Building Powerful Community Organizations: A Personal Guide to Creating Groups That Can Solve Problems and Change the World, by Michael Jacoby Brown, Long Haul Press, $19.95.
Calling All Radicals: How Grassroots Organizers Can Save Our Democracy, by
Gabriel Thompson, Nation Books, $14.95.
Tools for Radical Democracy: How to Organize for Power in Your Community, by Joan Minieri and Paul Getsos, Chardon Press, $29.95.
Social change is often depicted as the reaction to one charismatic leader’s actions or the outcome of a landmark court case. In this simplistic definition, the civil rights movement is boiled down to Martin Luther King, Jr.’s speeches, the marches that beat down Jim Crow, and Brown v. Board of Education calling for the end of “separate but equal” schools. Apart from its over-simplicity, such a portrayal also overlooks the tedious tasks and gruntwork of unknown organizers along the way. It misses the numerous meetings where snacks are supplied, strategy is planned and action is agreed upon.
Organizing, quite simply, is getting a group of people to participate in collective action to affect change. Three recent books serve as guides to organizers building community groups, unions and other social change organizations. Two of these works could be characterized as textbooks – “Tools For Radical Democracy,” by Joan Minieri and Paul Getsos, and “Building Powerful Community Organizations,” by Michael Jacoby Brown. “Calling All Radicals,” by Gabriel Thompson, gives helpful tips on organizing while maintaining a more anecdotal narrative flow.
Minieri and Getsos both did organizing work with Community Voices Heard, a Harlem-based community and labor organizing group whose successful “jobs campaign” is referenced throughout the book. The campaign improved working conditions for low-income public housing residents participating in “welfare to work” job programs in the late 1990s. Jacoby Brown has a similar background in community and labor organizing, working on such diverse campaigns as improving firefighters’ work conditions and affordable utility rates for consumers. Thompson, meanwhile, was a tenant organizer at the Pratt Area Community Council and an author and journalist (writing in City Limits, New York, The Nation and elsewhere).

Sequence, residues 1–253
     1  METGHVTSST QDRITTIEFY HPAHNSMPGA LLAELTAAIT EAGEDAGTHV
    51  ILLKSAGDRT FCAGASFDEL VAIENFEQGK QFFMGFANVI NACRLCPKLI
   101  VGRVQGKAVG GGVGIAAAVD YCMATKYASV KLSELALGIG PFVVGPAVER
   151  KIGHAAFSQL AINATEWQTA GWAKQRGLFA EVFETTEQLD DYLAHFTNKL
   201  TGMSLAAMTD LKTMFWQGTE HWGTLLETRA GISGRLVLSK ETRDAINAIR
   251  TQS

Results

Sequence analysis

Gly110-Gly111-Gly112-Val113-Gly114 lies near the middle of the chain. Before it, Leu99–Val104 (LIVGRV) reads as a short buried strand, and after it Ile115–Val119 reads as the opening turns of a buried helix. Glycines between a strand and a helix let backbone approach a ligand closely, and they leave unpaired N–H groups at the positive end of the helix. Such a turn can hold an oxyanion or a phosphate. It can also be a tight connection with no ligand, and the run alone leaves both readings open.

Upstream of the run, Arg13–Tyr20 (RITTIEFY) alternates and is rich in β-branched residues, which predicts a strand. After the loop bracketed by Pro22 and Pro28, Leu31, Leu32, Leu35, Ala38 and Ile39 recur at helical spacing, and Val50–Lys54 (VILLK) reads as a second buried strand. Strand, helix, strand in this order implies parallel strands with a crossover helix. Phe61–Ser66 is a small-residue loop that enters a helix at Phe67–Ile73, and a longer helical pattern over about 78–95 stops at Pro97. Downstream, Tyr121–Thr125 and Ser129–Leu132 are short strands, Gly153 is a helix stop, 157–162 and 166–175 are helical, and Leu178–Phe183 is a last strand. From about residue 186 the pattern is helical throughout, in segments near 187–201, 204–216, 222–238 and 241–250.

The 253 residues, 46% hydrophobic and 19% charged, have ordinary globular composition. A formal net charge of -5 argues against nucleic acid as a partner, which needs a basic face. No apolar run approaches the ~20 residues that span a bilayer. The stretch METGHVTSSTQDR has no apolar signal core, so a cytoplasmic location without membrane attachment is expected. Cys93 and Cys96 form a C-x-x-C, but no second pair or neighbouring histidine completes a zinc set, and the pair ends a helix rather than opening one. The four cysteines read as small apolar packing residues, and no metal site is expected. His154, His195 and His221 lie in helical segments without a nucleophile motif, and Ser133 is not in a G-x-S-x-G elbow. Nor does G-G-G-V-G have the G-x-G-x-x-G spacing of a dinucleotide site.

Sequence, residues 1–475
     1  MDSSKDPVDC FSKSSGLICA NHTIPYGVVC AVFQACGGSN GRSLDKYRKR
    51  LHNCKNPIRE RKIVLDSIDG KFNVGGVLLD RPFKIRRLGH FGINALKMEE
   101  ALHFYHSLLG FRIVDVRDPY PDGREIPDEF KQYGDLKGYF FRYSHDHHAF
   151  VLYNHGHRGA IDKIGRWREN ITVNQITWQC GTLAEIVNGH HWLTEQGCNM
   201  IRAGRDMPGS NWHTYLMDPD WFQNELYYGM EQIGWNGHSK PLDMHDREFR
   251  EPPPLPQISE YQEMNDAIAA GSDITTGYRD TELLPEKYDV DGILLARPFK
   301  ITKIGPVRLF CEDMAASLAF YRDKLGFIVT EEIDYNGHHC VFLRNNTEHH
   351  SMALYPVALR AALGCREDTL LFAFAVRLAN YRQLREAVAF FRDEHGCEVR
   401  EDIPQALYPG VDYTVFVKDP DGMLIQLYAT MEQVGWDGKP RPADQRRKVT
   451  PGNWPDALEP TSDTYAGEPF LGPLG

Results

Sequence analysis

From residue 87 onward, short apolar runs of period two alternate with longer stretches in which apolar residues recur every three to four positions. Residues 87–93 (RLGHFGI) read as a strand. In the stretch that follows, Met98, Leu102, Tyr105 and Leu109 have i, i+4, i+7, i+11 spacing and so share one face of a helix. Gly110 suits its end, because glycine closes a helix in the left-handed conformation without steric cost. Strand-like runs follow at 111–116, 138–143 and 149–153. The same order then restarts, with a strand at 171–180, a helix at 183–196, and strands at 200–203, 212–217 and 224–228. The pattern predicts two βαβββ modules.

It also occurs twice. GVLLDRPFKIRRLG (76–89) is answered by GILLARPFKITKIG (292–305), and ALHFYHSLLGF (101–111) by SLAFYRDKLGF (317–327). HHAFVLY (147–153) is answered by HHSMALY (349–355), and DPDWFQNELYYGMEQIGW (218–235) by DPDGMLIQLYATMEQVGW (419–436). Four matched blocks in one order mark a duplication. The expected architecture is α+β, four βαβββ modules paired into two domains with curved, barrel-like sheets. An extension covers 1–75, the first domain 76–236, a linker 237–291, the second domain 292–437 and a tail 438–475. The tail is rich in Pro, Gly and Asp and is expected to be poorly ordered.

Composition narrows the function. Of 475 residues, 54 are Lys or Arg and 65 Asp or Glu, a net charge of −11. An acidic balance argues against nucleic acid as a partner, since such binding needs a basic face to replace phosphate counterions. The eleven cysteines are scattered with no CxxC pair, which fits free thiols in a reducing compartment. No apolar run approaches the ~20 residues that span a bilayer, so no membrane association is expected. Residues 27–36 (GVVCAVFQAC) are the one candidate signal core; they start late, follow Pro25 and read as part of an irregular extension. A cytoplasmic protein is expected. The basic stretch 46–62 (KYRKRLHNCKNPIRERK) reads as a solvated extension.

All three books pay tribute to legendary community organizer Saul Alinsky, while only “Calling All Radicals” offers pointed criticism of Alinsky’s style. A self-described radical and author of classic organizing books (“Reveille for Radicals” and “Rules For Radicals”), Alinsky began organizing for better living conditions during the Great Depression in Chicago’s slum neighborhoods. Alinsky advocated appealing to people’s self-interest and creating local neighborhood organizations to run campaigns and target those in power to create social change. Alinsky’s direct action tactics – actions like pickets, protests and sit-ins done to confront your target – are still gospel in most community groups and unions today.
“Tools For Radical Democracy” and “Building Powerful Community Organizations” are the most explicit about how to build organizations for social change. The Alinskian mantra “building power” appears throughout each book and is defined by Minieri and Getsos as the “ability to act and to make things happen.” Building power is the job of every organizer and community group so that they can create change. Their textbook format lays out in bullet points how to build leadership, choose campaigns and targets, and sustain an organization. Both books offer various case studies, rooted in Getsos’ coalition-building in uptown Manhattan and Jacoby Brown’s decades’ worth of agitating around workplace issues across the country. The textbooks also offer exercises and work sheets at the ends of chapters on such mundane organizing work as phone banking, door knocking, media relations and preparing testimony to elected officials.